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The Public Papers of the Presidents contain most of the President's public messages, statements, speeches, and news conference remarks. Documents such as Proclamations, Executive Orders, and similar documents that are published in the Federal Register and the Code of Federal Regulations, as required by law, are usually not included for the presidencies of Herbert Hoover through Gerald Ford (1929-1977), but are included beginning with the administration of Jimmy Carter (1977). The documents within the Public Papers are arranged in chronological order. The President delivered the remarks or addresses from Washington, D. C., unless otherwise indicated. The White House in Washington issued statements, messages, and letters unless noted otherwise. (Public Papers of the Presidents of the United States. Washington, D.C.: United States Government Printing Office, various dates.


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Randomly Generated Public Paper from Today's Date in History
John F. Kennedy: 1961-63
Remarks With David McDonald Recorded for the United Steelworkers Convention at Miami Beach.
September 17th, 1962

THE PRESIDENT [following an introduction by Mr. McDonald]. Gentlemen, I am very grateful to President Dave McDonald for giving me this chance to express to you my very best greetings to you all. I was a guest at your convention, I remember, some years ago in Los Angeles, then in Atlantic City. Your President has been kind enough to invite me to your next convention in 1964, and I will be with you then.

I did want to have the chance, speaking to you as we are today from the White House, to express my very best regards to all of you. I have the greatest respect for the Steelworkers Union, for the effort that they have made to take care of their people, to raise the standards within the industry, and also to speak for the United States. I therefore do not want to miss this opportunity to assure you that those of us who work here in Washington are as committed to the welfare of your membership today and in the future as we have been in the past, and to tell you that we will take every possible step to make sure that the steel industry and the workers in this country are moved steadily forward. So I am glad to be here, Dave.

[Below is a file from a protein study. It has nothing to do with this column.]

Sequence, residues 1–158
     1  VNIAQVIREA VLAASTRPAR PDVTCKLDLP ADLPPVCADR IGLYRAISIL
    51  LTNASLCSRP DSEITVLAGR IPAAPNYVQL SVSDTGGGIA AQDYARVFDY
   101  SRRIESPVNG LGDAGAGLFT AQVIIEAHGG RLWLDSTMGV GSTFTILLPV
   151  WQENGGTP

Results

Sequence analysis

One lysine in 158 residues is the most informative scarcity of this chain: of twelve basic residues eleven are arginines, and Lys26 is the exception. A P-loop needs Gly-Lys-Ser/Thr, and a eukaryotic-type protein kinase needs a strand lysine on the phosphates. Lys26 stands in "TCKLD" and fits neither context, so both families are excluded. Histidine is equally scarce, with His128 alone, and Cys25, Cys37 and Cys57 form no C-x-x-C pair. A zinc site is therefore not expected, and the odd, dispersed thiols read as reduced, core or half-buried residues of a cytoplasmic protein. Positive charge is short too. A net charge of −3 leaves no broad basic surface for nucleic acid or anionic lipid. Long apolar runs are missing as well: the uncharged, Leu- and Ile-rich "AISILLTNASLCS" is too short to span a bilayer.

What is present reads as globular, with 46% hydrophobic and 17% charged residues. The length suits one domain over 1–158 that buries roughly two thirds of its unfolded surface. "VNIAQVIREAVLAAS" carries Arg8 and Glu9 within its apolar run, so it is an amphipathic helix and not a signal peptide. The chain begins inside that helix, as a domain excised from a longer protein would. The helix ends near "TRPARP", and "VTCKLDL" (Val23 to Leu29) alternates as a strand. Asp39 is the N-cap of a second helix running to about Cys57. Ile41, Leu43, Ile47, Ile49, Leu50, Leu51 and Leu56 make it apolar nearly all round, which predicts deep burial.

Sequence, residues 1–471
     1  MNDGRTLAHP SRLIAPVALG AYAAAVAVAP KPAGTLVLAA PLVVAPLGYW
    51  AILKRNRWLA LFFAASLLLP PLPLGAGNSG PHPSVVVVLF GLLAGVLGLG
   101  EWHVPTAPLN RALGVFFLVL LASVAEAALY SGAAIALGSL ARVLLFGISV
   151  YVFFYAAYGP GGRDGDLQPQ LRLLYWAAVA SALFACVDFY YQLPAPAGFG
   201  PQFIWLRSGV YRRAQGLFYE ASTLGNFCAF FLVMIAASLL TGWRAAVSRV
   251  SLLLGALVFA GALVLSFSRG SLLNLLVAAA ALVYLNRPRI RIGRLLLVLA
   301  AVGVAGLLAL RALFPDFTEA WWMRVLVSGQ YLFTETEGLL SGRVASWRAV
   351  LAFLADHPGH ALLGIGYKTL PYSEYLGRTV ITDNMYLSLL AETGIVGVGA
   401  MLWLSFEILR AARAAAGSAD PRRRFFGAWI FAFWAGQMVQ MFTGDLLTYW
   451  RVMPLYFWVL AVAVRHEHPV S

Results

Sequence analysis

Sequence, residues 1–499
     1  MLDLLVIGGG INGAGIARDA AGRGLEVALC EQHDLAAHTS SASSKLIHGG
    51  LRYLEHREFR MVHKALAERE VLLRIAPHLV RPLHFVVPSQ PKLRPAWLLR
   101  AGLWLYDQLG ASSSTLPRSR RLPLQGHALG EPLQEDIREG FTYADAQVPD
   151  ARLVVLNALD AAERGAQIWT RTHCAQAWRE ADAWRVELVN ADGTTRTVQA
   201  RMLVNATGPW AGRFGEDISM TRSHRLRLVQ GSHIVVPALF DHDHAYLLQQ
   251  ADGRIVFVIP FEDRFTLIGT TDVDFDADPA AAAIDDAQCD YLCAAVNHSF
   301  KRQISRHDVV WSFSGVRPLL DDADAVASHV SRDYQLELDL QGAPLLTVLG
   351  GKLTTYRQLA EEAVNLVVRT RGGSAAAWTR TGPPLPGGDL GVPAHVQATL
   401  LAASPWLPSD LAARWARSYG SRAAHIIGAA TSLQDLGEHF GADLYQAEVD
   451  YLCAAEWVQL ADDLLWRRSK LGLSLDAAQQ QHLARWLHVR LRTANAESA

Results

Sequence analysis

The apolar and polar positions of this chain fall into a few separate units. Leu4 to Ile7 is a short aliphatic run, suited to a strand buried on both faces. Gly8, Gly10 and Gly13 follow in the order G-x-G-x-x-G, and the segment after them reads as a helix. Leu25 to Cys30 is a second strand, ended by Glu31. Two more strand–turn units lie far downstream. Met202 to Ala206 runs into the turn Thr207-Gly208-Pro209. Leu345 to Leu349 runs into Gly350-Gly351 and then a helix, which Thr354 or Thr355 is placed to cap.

Mr. McDonald: Mr. President, that was very kind of you--your kind words--and I just want to say that we have tried to help you in this most terrific job you have. We know what your problems are on the Hill; we are critical of your critics, believe me. They do not realize what a real tough job you have with the Congress of the United States, so I say to you that anything at all we can do to help you advance your most wonderful program on behalf of the people of the United States, and, in fact, on behalf of the people in most of the world, we are with you.
THE PRESIDENT We are trying to pass legislation and we hope by the time this Congress ends, it will be substantially moved ahead. If not, to carry it to completion next year in the new Congress. Programs which will help our people by providing an opportunity for them--those who are out of school and who cannot find work--which will help some of our workers in their industries who cannot find work to be retrained, which will provide decent standards of unemployment compensation for those who may be between jobs, to provide assistance for health care of the aged and to those who have retired, to provide assistance through public works programs and by other means to our economy to stimulate it forward, to rewrite our tax bills to provide an upward movement to our economy, to deal in a dozen different ways with our domestic strength so that there is an opportunity for all people. I think the Steelworkers this year have made a real contribution to strengthen our country.

The agreement which was made, which was a responsibility, which was made 3 months ahead of time, which was made without a strike, I think, was an example of the kind of responsible unionism with which the United States--Steelworkers have been long identified. I am glad that it was possible for the company, finally, and the union to work together in this matter. I just want to say that I think there are a good many things still left to do in this country. We are committed to try to do them. We seek the support of a House and Senate that will join this effort and not prevent us from taking action on these vital measures which make the difference between prosperity and recession--between a man having a decent job and not having one--between a man being able to send his children to college and not ...
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